Appendix 3: FA1090 ΔltgA/ΔltgD (KK) in vivo data ... 86

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LIST OF FIGURES

Figure 1.1. Current understanding of the immune response to N. gonorrhoeae infection. ... 30 Figure 1.2. Structure of the peptidoglycan monomer released by N. gonorrhoeae. ... 31 Figure 1.3. Peptidoglycan recycling in N. gonorrhoeae. ... 32 Figure 1.4. Persistence of N. gonorrhoeae is significantly reduced in mice

colonized with commensal species Staphylococcus xylosus. ... 33 Figure 2.1. Deletion of the ltgA and ltgD genes in N. gonorrhoeae results in

increased inflammatory signaling in human monocytes and dendritic cells. ... 49 Figure 2.2. Culture supernatants from N. gonorrhoeae lacking ltgA and ltgD genes exhibit enhanced activation of human NOD2 and TLR2, but not NOD1. ... 50 Figure 2.3. Multimeric PGN and Monomeric PGN released by N. gonorrhoeae LtgA differentially activate NOD1 and NOD2. ... 51 Figure 2.4 PGN digested by LtgA but not human neutrophil lysozyme escapes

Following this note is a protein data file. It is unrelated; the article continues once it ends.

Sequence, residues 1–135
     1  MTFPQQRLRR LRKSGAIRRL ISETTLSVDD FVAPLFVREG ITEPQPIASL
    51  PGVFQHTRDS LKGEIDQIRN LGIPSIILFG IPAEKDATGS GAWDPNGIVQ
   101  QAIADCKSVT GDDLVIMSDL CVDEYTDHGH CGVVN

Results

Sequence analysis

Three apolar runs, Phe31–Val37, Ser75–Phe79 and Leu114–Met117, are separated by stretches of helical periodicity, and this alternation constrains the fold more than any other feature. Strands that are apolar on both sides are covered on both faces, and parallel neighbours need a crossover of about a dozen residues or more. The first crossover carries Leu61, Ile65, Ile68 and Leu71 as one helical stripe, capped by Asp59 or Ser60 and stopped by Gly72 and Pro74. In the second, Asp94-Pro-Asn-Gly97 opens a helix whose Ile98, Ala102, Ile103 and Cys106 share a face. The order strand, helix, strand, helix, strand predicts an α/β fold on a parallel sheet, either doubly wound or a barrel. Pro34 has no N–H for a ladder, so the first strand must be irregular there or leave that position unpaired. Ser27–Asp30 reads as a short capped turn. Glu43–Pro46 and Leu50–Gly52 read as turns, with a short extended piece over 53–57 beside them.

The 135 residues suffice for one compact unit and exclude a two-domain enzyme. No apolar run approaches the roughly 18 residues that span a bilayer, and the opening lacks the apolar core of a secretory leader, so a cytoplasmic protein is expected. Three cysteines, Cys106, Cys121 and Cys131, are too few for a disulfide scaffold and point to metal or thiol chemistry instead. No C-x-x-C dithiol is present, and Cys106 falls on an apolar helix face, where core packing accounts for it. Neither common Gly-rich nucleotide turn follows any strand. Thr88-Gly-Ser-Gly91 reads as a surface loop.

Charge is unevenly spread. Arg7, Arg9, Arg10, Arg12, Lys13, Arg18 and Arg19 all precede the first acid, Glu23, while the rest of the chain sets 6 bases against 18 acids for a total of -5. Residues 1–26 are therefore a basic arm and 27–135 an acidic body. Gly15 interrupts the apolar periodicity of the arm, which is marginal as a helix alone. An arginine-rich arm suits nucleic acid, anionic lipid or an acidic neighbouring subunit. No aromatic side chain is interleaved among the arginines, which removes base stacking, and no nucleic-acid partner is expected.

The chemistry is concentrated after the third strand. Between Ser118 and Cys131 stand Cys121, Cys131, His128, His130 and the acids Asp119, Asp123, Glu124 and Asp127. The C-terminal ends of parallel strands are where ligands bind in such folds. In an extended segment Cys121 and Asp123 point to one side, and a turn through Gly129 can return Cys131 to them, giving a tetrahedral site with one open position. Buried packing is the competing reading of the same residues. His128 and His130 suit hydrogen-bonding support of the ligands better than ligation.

detection by NOD2. ... 52 Figure 2.5. Summary figure showing N. gonorrhoeae evasion of NOD2

signaling through the production of 1,6-anhydro PGN monomers by LtgA and LtgD. ... 53 Figure 3.1. Mice infected with FA1090 ΔltgA/ΔltgD have a lower bacterial

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LIST OF ABBREVIATIONS AUC area under the curve

BMDC bone marrow derived dendritic cells CDC Centers for Disease Control

CEACAM carcinoembryonic antigen cell adhesion molecules CFU colony forming units

CI competitive index

iE-DAP D-glutamyl-meso-diaminopimelic acid GGI gonoccocal genetic island

LLD lower limit of detection LOS lipooligosaccharide LPS lipopolysaccharide MDP muramyl dipeptide

NLR nucleotide-binding oligomerization domain and leucine-rich repeat containing receptors

NOD1 nucleotide-binding oligomerization domain-containing protein 1 NOD2 nucleotide-binding oligomerization domain-containing protein 2 PAMP pathogen-associated molecular pattern

PEA phosphoethanolamine PGN peptidoglycan

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1 Chapter 1

Introduction 1.1Introduction

Neisseria gonorrhoeae is an obligate human pathogen responsible for the sexually